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Thread: Stroke Rate & Stroke Length in OW

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    Stroke Rate & Stroke Length in OW

    After recognizing that my stroke is much longer than most OWS, I decided to poke around and see if stroke was different for OW as opposed to swimming in a pool. I found this (There is a part 2 if you click on the channel and scroll down the right side):

    [nomedia="http://www.youtube.com/watch?v=L8SEJpvZSOY&feature=relmfu"]YouTube - Swim Smooth: What Is An Efficient Freestyle Stroke? Part 1[/nomedia]

    I would love to get reactions. I know that when I quicken my stroke rate and shorten my stroke I seem to fatigue much more quickly. However, this could be due to not pursuing this long enough to re-establish breathing patterns. (When I concentrate on my stroke, I tend to hold my breath without realizing it).

    I do know that while my per 100 pace is slowly improving with more speed work in my work outs, it has dropped now where near what it used to be 20 years ago.

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    Re: Stroke Rate & Stroke Length in OW

    Brilliant video - though it's nearly 6 minutes long so I'll summarize:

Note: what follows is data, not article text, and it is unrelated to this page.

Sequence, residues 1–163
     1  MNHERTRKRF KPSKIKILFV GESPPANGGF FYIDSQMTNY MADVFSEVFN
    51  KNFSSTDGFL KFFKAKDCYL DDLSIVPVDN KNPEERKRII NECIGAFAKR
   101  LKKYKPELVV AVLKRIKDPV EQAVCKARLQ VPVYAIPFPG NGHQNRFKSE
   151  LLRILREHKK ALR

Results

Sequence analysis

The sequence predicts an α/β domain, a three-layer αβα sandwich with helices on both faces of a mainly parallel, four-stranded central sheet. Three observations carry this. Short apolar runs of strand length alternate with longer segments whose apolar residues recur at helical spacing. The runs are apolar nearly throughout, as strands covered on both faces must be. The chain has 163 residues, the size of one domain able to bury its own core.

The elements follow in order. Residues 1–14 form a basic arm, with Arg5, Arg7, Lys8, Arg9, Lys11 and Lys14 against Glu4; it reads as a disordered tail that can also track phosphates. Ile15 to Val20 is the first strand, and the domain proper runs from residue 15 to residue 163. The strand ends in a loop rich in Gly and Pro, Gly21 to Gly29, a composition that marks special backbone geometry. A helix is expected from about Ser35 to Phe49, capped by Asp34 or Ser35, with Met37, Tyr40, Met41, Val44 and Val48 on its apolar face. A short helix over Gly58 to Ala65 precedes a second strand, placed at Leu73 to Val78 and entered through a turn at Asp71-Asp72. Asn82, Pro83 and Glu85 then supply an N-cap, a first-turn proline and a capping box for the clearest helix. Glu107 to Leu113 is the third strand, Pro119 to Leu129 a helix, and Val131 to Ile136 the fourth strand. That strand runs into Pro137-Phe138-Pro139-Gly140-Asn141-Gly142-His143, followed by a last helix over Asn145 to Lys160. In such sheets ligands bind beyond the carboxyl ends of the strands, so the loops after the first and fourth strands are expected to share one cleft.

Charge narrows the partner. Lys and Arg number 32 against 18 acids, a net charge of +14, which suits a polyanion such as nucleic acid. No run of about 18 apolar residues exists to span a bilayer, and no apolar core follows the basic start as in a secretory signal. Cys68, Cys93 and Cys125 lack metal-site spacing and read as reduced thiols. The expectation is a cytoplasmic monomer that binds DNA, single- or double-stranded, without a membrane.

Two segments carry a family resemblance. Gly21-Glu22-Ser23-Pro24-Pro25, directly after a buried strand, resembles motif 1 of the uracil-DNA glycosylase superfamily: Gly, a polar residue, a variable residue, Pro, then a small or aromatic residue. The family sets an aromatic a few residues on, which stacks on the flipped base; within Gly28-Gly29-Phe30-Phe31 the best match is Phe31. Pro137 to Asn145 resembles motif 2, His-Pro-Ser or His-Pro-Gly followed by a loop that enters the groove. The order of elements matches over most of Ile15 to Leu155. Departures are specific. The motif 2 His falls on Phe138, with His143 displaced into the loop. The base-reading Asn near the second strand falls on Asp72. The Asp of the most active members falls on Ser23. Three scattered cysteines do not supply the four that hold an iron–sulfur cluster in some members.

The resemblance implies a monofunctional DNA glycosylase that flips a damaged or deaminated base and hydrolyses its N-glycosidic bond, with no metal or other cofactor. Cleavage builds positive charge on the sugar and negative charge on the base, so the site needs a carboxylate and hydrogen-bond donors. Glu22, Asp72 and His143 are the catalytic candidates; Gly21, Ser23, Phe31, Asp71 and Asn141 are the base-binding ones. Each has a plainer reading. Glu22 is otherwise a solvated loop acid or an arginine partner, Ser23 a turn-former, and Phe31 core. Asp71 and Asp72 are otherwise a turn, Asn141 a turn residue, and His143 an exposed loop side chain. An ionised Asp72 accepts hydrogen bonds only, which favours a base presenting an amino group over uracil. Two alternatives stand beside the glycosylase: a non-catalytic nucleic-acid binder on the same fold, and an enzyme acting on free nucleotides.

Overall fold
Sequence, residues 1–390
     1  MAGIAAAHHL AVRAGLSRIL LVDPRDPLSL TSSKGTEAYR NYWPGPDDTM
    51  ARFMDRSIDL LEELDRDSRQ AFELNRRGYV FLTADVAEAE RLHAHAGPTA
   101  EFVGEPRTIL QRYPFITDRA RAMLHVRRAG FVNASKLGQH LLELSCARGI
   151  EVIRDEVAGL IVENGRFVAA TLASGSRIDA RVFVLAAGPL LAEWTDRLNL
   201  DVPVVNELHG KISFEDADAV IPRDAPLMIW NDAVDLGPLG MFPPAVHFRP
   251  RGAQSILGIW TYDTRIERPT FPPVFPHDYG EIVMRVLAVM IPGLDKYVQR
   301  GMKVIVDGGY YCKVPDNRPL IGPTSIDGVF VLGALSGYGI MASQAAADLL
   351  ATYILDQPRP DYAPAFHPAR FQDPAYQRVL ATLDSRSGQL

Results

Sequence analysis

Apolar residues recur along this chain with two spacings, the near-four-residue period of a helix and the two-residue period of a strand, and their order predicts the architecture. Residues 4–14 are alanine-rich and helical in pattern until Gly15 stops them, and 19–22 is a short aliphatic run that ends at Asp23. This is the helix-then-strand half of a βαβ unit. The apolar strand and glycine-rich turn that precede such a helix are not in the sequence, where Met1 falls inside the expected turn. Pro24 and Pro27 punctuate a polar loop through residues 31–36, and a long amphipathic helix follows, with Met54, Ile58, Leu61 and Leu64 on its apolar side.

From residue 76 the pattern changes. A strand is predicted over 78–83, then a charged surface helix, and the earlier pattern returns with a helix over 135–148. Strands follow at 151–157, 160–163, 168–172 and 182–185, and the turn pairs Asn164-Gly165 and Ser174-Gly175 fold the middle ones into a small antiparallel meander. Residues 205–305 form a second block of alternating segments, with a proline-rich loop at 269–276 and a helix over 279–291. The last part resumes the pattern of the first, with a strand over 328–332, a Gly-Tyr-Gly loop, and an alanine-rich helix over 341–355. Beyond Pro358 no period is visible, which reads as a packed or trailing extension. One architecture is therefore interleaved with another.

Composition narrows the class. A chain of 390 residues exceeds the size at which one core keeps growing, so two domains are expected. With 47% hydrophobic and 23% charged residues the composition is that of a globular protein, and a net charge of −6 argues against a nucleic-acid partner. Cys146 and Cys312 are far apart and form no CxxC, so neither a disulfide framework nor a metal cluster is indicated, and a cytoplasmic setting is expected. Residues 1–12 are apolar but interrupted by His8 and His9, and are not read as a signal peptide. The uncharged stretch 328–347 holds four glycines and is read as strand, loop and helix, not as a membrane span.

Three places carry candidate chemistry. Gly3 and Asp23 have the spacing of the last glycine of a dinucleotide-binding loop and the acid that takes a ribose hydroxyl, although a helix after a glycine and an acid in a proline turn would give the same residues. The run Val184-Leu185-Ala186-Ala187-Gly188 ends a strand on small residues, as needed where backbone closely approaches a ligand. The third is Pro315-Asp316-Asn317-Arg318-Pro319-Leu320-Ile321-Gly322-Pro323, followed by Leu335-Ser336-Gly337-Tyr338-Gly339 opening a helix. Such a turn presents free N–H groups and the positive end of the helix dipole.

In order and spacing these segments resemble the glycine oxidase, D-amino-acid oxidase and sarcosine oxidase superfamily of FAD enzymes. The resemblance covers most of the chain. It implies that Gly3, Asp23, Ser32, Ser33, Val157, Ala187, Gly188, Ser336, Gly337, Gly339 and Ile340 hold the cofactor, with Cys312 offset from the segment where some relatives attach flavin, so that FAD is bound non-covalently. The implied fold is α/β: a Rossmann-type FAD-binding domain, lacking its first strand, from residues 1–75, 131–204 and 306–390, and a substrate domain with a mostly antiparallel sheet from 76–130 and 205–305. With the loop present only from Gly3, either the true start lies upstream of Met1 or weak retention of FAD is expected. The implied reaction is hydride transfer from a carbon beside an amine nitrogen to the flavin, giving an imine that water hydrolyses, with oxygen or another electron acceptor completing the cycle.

Paul begins with the observation that any given heat of elite pool freestylers will have sometimes wildly divergent styles - not all of which are the classic "long, smooth" form taught in books, articles, and videos (which Paul diplomatically doesn't name). He points to Laure Manaudou and Janet Evans as particularly striking examples.

    Further, open water swimmers and elite triathletes "seem to be a lot more choppy, punchy, and with a much higher stroke rate" than their pool counterparts.

    The "choppy, punchy, high SR" style - despite seemingly breaking all the rules of [unnamed stroke technique philosophy] - is by definition efficient for these swimmers, because they are competing (and often winning) at the highest level of the sport.

    Therefore, he says, "Efficiency in the water cannot be measured by the number of strokes you take per length, by itself. That would be a gross oversimplification of the freestyle stroke."

    Personally, I use a higher SR in open water than I do in distance pool races, and I think it works for me.

    As a counterpoint - and, I think, much less compelling argument - see this:
    http://www.totalimmersion.net/blog/T...er-Stroke.html
    Last edited by evmo; May 6th, 2011 at 12:10 PM. Reason: wording

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    Re: Stroke Rate & Stroke Length in OW

    The broader point here is that the stroke rate, length, and style that is most efficient for you may or may not be what is efficient for someone else.

    And regarding OW vs. pool - a naturally "punchier" style may be one correlate of a swimmer excelling in OW relative to the pool.